Becoming as all Things to all People


As usual I hesitate to ask you more questions but here goes! ,  it says in Acts 24 v 17 that Paul after several years brought alms to the nation and presented offerings in the temple, it would seem that this happened after his conversion, why would he present offerings when the Lord Jesus had been the final sacrifice as the Passover lamb, ,  I understand the offerings still went on until the temple was destroyed in 70 AD but didn’t think believers would do that.

‚  Also if you have time, a sister in the Lord is very troubled after getting an unsatisfactory answer from one of her elders on a situation that is in her church, a woman in adultery is taking from the Lord’s table and my friend believes that she shouldn’t take the Lord’s supper from the same table whilst this lady is participating in it. ‚  I said to her I would ask your advice and told her that you are very busy so may or may not have time to answer. ‚  

There seems to be more and more compromise going on on very important issues nowadays, especially if the person who needs to be addressed is friendly or a family member of the oversight. ‚  Contending for the faith is getting tougher in our experience, ‚  thank you Jacob, God bless, Rosie


As to your first question, the answer as to why the apostles continued temple worship, Nazarite vows etc. as believers: as you rightly point out pre 70 AD the circumstances were different as for an interim period Moisaic Judaism still existed (as per the prophecies of Daniel chapt. 9) and talmudic Judaism had not yet fully developed as a made alternative fulfilling the prophecies oif Jeremiah chapter 2. It is correct to preface the answer by pointing these things out as they illucidate that background and historical circumstances etc.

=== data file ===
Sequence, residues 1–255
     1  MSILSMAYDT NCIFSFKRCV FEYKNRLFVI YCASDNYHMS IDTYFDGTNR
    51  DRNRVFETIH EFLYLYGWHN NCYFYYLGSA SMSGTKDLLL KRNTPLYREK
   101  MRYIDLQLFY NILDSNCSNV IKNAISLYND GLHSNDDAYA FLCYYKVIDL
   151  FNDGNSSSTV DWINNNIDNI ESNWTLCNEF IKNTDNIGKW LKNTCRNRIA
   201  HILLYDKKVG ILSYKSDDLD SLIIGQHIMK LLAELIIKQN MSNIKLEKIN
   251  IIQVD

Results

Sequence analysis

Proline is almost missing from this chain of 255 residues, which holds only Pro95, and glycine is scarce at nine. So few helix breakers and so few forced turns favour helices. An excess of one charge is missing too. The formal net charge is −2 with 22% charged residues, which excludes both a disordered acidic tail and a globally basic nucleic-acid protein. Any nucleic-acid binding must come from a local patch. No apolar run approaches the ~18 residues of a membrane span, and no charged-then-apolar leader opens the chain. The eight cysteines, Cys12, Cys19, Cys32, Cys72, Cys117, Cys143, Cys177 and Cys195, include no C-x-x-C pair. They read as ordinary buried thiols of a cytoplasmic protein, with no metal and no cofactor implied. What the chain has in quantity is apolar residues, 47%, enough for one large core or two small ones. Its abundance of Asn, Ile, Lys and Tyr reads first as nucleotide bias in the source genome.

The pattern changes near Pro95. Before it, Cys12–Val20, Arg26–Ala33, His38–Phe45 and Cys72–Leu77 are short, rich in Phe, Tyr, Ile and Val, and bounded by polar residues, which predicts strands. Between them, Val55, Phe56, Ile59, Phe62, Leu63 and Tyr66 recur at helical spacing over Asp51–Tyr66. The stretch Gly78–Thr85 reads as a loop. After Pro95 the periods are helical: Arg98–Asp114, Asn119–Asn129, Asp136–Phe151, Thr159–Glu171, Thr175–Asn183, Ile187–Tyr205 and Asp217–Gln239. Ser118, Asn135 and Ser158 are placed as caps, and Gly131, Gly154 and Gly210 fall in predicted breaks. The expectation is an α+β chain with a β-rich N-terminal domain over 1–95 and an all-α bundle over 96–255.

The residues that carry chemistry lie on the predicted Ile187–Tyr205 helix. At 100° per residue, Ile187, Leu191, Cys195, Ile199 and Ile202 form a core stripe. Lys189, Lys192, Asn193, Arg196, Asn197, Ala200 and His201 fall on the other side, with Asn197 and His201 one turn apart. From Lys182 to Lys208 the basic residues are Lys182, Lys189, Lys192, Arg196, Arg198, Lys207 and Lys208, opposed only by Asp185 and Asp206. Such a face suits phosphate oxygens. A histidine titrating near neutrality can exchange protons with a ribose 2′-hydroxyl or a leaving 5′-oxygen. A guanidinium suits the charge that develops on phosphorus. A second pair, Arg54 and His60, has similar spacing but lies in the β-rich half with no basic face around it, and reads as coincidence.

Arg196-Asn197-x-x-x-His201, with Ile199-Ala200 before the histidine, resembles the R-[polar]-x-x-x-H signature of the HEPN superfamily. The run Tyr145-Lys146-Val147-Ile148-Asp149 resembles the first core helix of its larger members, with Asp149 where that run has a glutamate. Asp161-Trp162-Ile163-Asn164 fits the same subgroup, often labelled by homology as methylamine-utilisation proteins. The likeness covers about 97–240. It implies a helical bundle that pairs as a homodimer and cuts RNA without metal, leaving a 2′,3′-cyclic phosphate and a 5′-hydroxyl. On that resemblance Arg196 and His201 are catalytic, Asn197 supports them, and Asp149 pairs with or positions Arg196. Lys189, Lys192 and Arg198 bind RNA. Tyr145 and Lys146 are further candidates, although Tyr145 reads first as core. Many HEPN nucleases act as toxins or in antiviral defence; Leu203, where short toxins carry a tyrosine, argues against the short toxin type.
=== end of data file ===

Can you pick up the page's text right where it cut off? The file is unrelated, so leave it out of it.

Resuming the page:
The answer itself is found however in 1 Corinthians chapter 9 where Paul teaches “acculteration” as an evangelistic strategy in ‘becoming as all things to all people’. ‚   Becoming “as” all things he stresses is not th same as becoming all thing; he writes: “as one under the law though not being under the law myself but being under the law of Christ”. In Athens in Acts 17 he became “as” an Areopagite philosopher presenting the epicurean and stoic philosophers the gospel within their own cultural context and world view. At his Roman trials Paul played his Roman card doing the same to present the gospel to his fellow Romans.

Although an apostolic role model for us, we must however bear in mind that Paul was a Roman, a Jew, and a helenistic (though not a helenised) intellectual. An example of this would be Hudson Taylor, who was English and the first missionary to China, adopted the Chinese culture minus its pagan superstitions, in order to reach Chinese people with the gospel. Following Paul, Jewish believers to this day still generally celebrate the Passover, but do it in a Christo-centric manner showing Jesus to be the messianic fulfillment of it. They can and do invite unsaved Jewish family and friends to the seder and use it evangelistically as my own family has done. The same would be true of celebrating Hanukka showing Jesus as ‘the light of the world’ etc. The Greek text of the New Testament does not say that Jesus is the “end of the law” , but rather the “teleos” or aim of the law. Thus Paul, as with most believing Jews today, used the law to aim people towards Yeshua / Jesus as the way of salvation. Again, 1 Corinthians is the epistle that most explains these things you ask about. In 1 Corinthians chapter 7, ‚   The Lord through Paul teaches retaining one’s own cultural and ethnic identity, just as chapter 9 teaches acculteration as an evangelistic and mission strategy.

I trust this sufficiently clarifies matters.

Concerning your second question , objectively and as a matter of principle someone in active adultery who takes The Lord’s supper eats and drinks judgment to themselves, fails to discern His body, and defiles His table. As Jude said “they are blemishes on our love feasts”. It is moreover the responsibility of the leadership of a congregation to uphold the sanctity of communion. 1 Corinthians 5 forbids us from even eating with such a one which in the context of the epistle means The Lord’s supper relating chapter 5 to chapter 11. I only point these things out however as a general truth and not with any reference to any specific person or situation involving people and circumstances with whom I am unfamiliar. My comments above should be seen as a doctrinal remark and not made in connection to anyone in particular. ‚  


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